(Trayvon Martin February 5, 1995 – February 26, 2012)
Vigils for Trayvon
February 26, 2013 will mark the one year anniversary of the death of Trayvon Martin. His mother and father will be in New York City for a candlelight vigil in his honor.
Candlelight vigils are being held around the nation, in communities and on campuses in remembrance of Trayvon, and in pursuit of justice.
It's hard to believe that a year has passed since Trayvon's life was ended—brutally—on his way home from the store. We've had other horrific youth deaths since then, but his murder sparked a movement.
Take a moment for silent reflection.
Light or post a candle.
Post information about vigils being held in your area.
Support the Trayvon Martin Foundation.
News by dopper0189, Black Kos Managing Editor
How the web mixed and changes memes on race The Grio: The ‘Harlem Shake’ meme shows how the Internet overrides race.
Everybody knows, or can at least guess with little effort, that the Harlem Shake originated in Harlem. You can find the Harlem Shake in several videos popularized by Diddy and members of his Bad Boy label in the early naughts. It is a series of controlled jerk movements that permit the body to contort, then pause beautifully at just the right moments of a musical beat. But, that was then.
Now, the Harlem Shake that’s drawing fire in people’s mouths, is a meme that has racked up over 170 million views on YouTube, across various channels. Today’s Harlem Shake is a viral series that starts with someone, anyone (and in some cases, even a laundry machine) dancing alone with random jerk movements, and then everyone around that person pretending to ignore him or her, before joining in the dance.
Some Harlem residents have voiced their disdain for the Harlem Shake meme, declaring that the silly dance is not the true Harlem Shake, that the makers of the Harlem meme aren’t from Harlem, don’t live in Harlem, and that they are, in fact, making a mockery of those who do.
Fine, they are right to acknowledge the sordid history of cultural products being seized from, and mass-produced at the expense of, such neighborhoods as Harlem. However, their reaction begs the glaring question of whether the new age Internet lives by their rules of race and cultural categories. The answer to that question is simply no. The Internet produces and will continue to birth cultural phenomena, such as the Harlem Shake meme, that blur the lines of race and culture.
Furthermore, three of the four guys in the original Harlem Shake meme that some residents were shown are masked, so their race and background are not apparent. If these guys are mostly masked, how does the community of Harlem residents that reacted to their video know whether they are “from Harlem” or not? They don’t.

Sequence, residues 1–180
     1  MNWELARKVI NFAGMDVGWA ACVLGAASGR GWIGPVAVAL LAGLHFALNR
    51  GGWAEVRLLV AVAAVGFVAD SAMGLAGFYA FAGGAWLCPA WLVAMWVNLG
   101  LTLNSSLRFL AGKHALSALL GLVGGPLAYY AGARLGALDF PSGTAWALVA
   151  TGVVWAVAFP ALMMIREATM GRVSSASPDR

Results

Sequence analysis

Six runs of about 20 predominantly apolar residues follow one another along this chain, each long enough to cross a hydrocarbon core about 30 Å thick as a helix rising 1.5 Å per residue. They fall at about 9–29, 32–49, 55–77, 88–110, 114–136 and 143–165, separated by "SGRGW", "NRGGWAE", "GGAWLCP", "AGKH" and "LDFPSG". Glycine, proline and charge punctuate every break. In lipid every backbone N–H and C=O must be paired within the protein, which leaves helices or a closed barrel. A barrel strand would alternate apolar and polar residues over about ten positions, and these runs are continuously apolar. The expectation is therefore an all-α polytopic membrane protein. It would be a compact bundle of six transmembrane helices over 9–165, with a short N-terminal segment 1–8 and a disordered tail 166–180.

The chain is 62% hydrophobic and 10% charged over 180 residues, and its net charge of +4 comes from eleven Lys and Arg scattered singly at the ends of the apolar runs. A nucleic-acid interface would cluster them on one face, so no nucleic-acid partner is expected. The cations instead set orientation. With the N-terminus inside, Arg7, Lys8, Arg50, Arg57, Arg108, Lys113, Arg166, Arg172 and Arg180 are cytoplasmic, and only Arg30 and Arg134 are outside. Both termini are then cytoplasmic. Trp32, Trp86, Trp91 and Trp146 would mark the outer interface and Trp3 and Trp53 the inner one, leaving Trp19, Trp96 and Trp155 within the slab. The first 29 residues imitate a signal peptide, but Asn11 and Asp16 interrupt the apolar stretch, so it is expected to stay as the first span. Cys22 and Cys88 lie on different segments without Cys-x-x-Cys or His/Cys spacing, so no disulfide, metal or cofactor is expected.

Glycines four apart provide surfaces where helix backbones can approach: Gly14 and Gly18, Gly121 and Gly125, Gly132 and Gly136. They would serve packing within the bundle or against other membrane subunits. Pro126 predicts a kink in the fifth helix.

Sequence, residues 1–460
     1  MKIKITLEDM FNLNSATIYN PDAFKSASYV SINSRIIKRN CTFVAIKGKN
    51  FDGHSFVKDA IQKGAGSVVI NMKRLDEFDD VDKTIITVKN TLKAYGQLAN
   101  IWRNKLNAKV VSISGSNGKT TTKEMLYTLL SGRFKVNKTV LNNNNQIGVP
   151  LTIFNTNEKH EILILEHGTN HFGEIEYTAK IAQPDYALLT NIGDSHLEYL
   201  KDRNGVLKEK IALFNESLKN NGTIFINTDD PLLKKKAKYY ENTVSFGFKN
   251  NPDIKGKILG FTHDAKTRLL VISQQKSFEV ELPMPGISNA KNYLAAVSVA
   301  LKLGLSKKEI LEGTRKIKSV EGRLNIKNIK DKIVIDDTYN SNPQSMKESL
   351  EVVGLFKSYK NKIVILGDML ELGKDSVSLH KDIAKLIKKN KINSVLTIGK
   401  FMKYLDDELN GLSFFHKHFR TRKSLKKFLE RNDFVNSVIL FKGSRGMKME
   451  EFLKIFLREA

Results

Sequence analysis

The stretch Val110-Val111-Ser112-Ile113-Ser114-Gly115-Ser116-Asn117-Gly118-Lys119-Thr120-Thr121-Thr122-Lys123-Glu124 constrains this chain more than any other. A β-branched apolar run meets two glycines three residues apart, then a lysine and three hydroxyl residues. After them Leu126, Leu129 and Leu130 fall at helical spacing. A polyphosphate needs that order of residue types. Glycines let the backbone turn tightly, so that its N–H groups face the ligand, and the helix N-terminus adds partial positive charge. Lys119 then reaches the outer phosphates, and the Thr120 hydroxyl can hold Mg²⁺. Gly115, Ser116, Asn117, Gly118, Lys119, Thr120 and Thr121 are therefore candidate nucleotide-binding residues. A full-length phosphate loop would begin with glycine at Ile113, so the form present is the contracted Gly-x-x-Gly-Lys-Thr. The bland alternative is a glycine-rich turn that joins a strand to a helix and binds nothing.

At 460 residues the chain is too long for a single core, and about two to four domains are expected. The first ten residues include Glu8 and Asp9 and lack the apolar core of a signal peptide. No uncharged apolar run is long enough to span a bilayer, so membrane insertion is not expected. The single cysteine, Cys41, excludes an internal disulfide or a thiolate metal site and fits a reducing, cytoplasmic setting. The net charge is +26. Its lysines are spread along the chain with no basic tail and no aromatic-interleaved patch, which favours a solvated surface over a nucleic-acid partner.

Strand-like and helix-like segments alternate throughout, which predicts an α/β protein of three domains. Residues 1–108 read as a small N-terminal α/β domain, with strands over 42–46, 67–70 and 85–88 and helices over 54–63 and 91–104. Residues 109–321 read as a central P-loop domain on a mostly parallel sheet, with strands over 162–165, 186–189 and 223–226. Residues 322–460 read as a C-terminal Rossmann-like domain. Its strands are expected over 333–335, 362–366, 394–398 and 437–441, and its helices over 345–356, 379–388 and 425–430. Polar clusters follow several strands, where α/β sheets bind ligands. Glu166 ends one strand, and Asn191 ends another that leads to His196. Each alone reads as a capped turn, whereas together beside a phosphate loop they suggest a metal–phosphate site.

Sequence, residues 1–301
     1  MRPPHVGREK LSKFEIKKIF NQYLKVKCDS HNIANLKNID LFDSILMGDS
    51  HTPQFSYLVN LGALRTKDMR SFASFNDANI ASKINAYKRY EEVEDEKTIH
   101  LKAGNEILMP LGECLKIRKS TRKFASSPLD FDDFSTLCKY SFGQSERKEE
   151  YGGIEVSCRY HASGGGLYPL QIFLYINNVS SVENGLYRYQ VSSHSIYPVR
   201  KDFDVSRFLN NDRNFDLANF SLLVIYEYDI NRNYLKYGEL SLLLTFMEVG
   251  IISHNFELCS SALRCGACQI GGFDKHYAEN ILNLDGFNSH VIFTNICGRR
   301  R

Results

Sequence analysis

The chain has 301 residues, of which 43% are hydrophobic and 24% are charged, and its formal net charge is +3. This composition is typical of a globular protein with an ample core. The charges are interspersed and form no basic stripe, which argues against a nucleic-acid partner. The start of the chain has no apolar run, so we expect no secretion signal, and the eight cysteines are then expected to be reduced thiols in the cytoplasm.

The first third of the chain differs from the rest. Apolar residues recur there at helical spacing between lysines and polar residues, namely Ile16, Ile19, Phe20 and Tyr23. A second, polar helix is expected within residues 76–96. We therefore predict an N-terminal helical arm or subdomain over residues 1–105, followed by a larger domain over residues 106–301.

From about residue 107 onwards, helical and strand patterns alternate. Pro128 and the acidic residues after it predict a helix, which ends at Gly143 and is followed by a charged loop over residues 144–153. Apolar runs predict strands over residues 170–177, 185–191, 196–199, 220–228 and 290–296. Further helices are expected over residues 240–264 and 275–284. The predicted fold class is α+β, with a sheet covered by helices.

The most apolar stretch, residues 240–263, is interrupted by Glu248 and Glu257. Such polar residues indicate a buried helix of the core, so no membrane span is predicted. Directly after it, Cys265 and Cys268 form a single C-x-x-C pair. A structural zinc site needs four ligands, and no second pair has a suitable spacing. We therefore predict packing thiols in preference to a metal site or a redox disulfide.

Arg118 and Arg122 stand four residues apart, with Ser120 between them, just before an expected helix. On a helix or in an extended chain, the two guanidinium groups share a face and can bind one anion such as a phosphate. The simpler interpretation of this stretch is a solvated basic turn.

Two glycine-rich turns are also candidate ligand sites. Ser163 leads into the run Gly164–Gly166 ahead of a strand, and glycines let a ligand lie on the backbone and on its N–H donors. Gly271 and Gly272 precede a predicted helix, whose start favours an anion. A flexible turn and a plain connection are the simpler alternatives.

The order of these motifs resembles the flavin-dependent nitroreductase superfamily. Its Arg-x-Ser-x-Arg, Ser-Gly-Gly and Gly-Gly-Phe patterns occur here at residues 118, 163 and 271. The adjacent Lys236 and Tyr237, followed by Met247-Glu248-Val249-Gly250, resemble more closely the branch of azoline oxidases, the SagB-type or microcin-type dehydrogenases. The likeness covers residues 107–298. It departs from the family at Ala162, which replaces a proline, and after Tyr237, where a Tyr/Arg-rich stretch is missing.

Original Harlem Shake:
New "Harlem Shake":
Asking forgiveness for breaking Godwin's law, but if Hitler was alive today he would be claiming "I'm not a racist BUT.... " Miami Herald: Leonard Pitts: A baby, the N word and a slap for Jonah Bennett.
Sitting on his mother’s lap on a recent Delta Airlines flight on approach to Atlanta, he was doing what babies tend to do on airplanes, particularly airplanes that are changing altitude. He was crying his little head off.
Shut that “nigger baby” up.
Those were the alleged words of the alleged man in the next seat just before he allegedly slapped the baby with an open palm, leaving a scratch below his right eye. The alleged man, 60-year-old Joe Rickey Hundley of Hayden, Idaho, denies this sequence of events and pleaded not guilty last week to a charge of simple assault. But at least one witness corroborates the story, as told by Jonah’s mother, 33-year-old Jessica Bennett. She and her husband are white. Their adopted son is African American.
Hundley’s attorney, Marcia Shein, promises her client is no racist. In so doing, she embraces the cognitive dissonance which so often afflicts Americans when they are confronted with the ponderous idiocy of tribal hatred. Michael Richards, you will recall, said the same thing after a “comedy” routine in which he hurled the N-word at a heckler and suggested the man should be lynched. Mel Gibson swore he wasn’t an anti-Semite shortly after he cursed the Jews and accused them of starting all the world’s wars.
Shein also says she has received hate mail for defending Hundley. Which is troubling, but not unexpected. Shein’s client is among the more reviled men in the country just now. The aerospace company for which he was an executive has denounced and dumped him. The Internet rings with condemnation of him. Someone called him a monster. More than one person spoke of wringing Hundley’s neck had it been their child.
Small wonder. There is something visceral and immediate in what he is said to have done. Who hits a baby? Who looks at a baby and sees an object of loathing?
Just to make you think. Color Lines: A Black History Month Comic.
Black History Month rubs a lot of people the wrong way. Some oppose the idea of tokenizing black history in one (short) month. Others object to the insinuation that American history isn’t itself defined by black history. And ironically, many just can’t relate to the nearly century-old context for Carter G. Woodson’s Negro History Month. But perhaps most of all, Black History Month struggles under an impossible question: Whose history is it? Too many of us can recall being as alienated as we were empowered by the lessons of uplift we heard growing up. With that in mind, Nia King offers her own take on black history heroes. Here’s to still talking about it come March.